Brian B, Detroit, USA

Yes, Bush went too far to the right

Tony, USA
Yes, Bush went too far to the right, and there is no indication that he was ever near the middle, or that he wants to be. But this is good, because more moderates are questioning their place in the Republican Party. Star Wars is probably history, and good riddance to it.
Tony, USA

Jeffords' defection is stupid. He just wants his 15 minutes of fame. He wants to pass policy and be heard, so he changes to independent. As an independent will he be more powerful or have more success pursuing his interests? Bush hasn't moved anywhere, it's a publicity stunt.
Scott, Boston,USA

No, he hasn't shifted too far to the right. He's conservative, get over it. Jeffords is the one who deceived his constituents. He ran as a Republican, now he says he's an independent. I say good riddance to him.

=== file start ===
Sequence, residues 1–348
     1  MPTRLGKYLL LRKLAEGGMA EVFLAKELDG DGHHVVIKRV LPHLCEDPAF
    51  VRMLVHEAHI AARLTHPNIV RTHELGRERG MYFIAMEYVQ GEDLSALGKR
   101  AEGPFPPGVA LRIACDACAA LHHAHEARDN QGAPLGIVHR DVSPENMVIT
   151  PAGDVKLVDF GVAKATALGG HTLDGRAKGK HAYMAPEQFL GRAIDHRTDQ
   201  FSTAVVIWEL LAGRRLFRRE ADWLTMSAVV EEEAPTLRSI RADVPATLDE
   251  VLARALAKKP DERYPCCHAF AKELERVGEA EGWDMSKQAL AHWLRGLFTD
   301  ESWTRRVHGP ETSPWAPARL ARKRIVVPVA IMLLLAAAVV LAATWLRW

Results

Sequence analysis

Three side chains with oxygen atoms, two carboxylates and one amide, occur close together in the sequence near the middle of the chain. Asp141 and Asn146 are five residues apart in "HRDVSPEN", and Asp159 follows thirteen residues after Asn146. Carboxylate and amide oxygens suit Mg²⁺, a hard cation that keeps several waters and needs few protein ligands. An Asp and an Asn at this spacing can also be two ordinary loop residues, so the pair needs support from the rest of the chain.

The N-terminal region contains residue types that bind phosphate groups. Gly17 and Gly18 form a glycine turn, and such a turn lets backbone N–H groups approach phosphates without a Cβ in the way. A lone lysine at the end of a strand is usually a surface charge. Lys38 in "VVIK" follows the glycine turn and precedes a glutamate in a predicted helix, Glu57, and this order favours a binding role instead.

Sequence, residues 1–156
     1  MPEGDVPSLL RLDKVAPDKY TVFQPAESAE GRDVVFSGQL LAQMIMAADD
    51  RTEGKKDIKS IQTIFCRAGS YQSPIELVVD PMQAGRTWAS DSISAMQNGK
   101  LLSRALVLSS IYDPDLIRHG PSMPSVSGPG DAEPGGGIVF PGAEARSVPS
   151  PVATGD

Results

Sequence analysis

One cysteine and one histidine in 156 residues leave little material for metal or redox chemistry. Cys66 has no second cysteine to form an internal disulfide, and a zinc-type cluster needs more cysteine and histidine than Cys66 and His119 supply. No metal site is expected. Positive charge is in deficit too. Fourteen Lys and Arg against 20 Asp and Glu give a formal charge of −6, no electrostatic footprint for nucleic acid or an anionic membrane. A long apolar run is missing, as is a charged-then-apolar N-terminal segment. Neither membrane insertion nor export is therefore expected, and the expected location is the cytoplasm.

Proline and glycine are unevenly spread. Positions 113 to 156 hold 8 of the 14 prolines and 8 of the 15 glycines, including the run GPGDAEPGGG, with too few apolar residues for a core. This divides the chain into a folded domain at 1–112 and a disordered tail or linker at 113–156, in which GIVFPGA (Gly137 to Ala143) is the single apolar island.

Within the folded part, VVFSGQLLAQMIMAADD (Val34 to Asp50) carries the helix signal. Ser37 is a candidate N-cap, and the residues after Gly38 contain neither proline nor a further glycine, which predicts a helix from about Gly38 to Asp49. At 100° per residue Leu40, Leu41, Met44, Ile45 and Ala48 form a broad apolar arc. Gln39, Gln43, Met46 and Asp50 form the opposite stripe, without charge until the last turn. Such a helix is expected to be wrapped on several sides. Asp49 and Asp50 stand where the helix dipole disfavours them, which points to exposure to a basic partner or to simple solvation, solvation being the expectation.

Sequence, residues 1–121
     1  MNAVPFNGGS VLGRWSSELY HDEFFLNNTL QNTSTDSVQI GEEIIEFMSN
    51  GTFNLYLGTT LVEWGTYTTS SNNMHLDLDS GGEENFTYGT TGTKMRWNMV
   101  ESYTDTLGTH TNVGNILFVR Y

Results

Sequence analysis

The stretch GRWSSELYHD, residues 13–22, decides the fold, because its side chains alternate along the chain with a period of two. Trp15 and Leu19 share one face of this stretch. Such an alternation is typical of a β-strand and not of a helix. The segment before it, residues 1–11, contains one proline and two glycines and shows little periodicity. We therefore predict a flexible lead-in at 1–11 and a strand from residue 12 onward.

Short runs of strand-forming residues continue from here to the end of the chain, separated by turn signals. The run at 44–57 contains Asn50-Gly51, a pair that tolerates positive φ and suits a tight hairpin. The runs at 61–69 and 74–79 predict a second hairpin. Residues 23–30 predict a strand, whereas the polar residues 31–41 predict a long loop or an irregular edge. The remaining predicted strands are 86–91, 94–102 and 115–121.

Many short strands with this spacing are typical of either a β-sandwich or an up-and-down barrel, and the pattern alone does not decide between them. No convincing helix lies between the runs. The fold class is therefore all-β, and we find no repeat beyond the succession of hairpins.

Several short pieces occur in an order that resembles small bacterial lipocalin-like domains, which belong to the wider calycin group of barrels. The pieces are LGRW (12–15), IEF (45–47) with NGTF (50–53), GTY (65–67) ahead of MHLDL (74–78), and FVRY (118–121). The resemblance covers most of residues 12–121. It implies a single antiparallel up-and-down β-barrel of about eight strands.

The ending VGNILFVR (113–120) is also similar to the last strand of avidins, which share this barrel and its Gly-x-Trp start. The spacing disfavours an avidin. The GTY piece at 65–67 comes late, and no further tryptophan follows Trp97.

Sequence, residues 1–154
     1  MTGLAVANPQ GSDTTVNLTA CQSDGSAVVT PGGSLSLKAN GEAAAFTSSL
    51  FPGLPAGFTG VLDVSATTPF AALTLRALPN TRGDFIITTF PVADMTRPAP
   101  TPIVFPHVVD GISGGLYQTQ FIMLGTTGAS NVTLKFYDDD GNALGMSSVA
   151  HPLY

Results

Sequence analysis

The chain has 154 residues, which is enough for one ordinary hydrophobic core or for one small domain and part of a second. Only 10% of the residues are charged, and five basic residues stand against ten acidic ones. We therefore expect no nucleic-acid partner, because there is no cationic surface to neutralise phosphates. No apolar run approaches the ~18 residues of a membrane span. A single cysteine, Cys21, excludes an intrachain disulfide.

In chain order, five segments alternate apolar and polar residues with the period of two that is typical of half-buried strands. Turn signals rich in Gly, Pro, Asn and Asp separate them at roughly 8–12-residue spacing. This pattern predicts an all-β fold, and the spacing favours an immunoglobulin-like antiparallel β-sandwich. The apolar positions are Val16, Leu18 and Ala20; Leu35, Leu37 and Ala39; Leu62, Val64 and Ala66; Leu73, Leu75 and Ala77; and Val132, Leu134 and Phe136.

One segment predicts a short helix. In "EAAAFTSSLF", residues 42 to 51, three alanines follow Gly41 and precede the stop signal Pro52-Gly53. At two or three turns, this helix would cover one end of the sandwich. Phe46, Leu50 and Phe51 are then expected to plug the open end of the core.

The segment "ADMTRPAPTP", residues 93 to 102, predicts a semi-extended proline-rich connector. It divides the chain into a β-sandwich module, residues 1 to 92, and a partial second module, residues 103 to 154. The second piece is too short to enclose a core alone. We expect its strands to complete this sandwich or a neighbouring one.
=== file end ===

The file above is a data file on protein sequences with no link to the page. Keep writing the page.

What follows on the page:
Doug Moyers, USA

I guess it is about time we got a third party into office

Brad, USA
Republicans are "too far to the right". Democrats are "too far to the left". I guess it is about time we got a third party into office.
Brad, USA

Bush has always been far right. He pretended to be in the centre strictly for political purposes. He was selected by the GOP as their candidate because he would do exactly as he's told. As for Jeffords' "defection", blame the arrogance of the GOP and their intolerance of independent thinkers. Republicans weren't whining when several Dems switched parties. This administration is a sham, self-serving, and much too secretive. The UK should make no mistake, this administration will sell you out if it serves their needs.
Keith Hagerman, Maryland, USA

While George II's first 100 days may seem to be unfocused, he did: 1) Manage to push through an overdue tax cut. 2) Implement cohesive national education reform. 3) Bluntly inform California that they need to learn how to manage their internal affairs and not look to Uncle Sam for a handout as a result of their electricity mismanagement. 4) Reset the tone with China. Hopefully he will leverage US/China trade for the betterment of Chinese human rights. 5) Tweak the French! Jolly Good.